• Excellent communication and multi-tasking skills Ability to travel to trade shows Television advertising experience a plus

• Bachelor’s Degree preferably in Marketing

• Advanced knowledge of graphic design and printing processes

• Developing and managing annual marketing

And one last one:

RESPONSIBILITIES: (include but are not limited to):

• Responsible for all web content and updating all property websites. Coordinate web design and development with vendors. Keeping up with web addresses and domain names;

• SEO management;

• Development and design of all marketing collateral including property brochures, information sheets, invitations and various literature pieces;

• Development and design of all signage and banners;

• Design and develop all advertising campaigns including newspapers, apartment guides, magazines and web based advertising;

• Work with new developments from lease up which includes image branding, collateral, signage, and advertising.


Bachelor’s degree required in Marketing;

• Must have proven, solid 3-4 years experience in Marketing;

• Must have proven experience with graphic design.

Are schools teaching these courses to marketing majors or am I correct that this is a huge disconnect that needs to be addressed?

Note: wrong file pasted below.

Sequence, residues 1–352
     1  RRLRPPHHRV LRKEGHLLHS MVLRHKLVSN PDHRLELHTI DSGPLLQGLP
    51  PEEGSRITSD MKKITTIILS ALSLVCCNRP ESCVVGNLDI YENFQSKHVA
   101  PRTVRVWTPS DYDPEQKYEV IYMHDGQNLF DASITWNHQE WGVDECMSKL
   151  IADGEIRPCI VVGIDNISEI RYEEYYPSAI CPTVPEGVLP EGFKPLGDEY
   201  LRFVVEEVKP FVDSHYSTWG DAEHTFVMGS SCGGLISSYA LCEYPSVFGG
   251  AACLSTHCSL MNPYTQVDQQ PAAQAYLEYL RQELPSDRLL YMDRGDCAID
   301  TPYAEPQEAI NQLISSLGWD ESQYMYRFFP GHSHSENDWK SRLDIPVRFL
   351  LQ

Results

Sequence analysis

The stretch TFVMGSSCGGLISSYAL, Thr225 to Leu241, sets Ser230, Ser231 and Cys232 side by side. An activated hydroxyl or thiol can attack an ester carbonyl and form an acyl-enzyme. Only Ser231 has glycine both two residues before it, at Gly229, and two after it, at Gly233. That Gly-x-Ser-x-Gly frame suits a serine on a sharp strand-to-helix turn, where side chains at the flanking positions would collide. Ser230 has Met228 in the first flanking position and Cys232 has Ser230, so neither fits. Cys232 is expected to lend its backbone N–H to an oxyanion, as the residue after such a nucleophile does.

4 Answers 4


I don't know if I'd call it a disconnect. This is a product of the desktop publishing era. Many small businesses (at least in the US) employ an in-house "marketing" person who does it all. They often learn graphics apps on the job or through some kind of on-line training.

I've seen this first hand, coming in as a freelancer. One person who learns web and print design, SEO, social media, PR, sometimes even sales or product development is all part of getting the job done on a shoe-string budget. Things don't get done well but they do get done.

For some reason, these over-worked Jack-of-all-trades types tend to be either marketing or communications grads. Often times, a mar-comm program will offer an elective in "graphics": I suppose this gives them a false sense of confidence.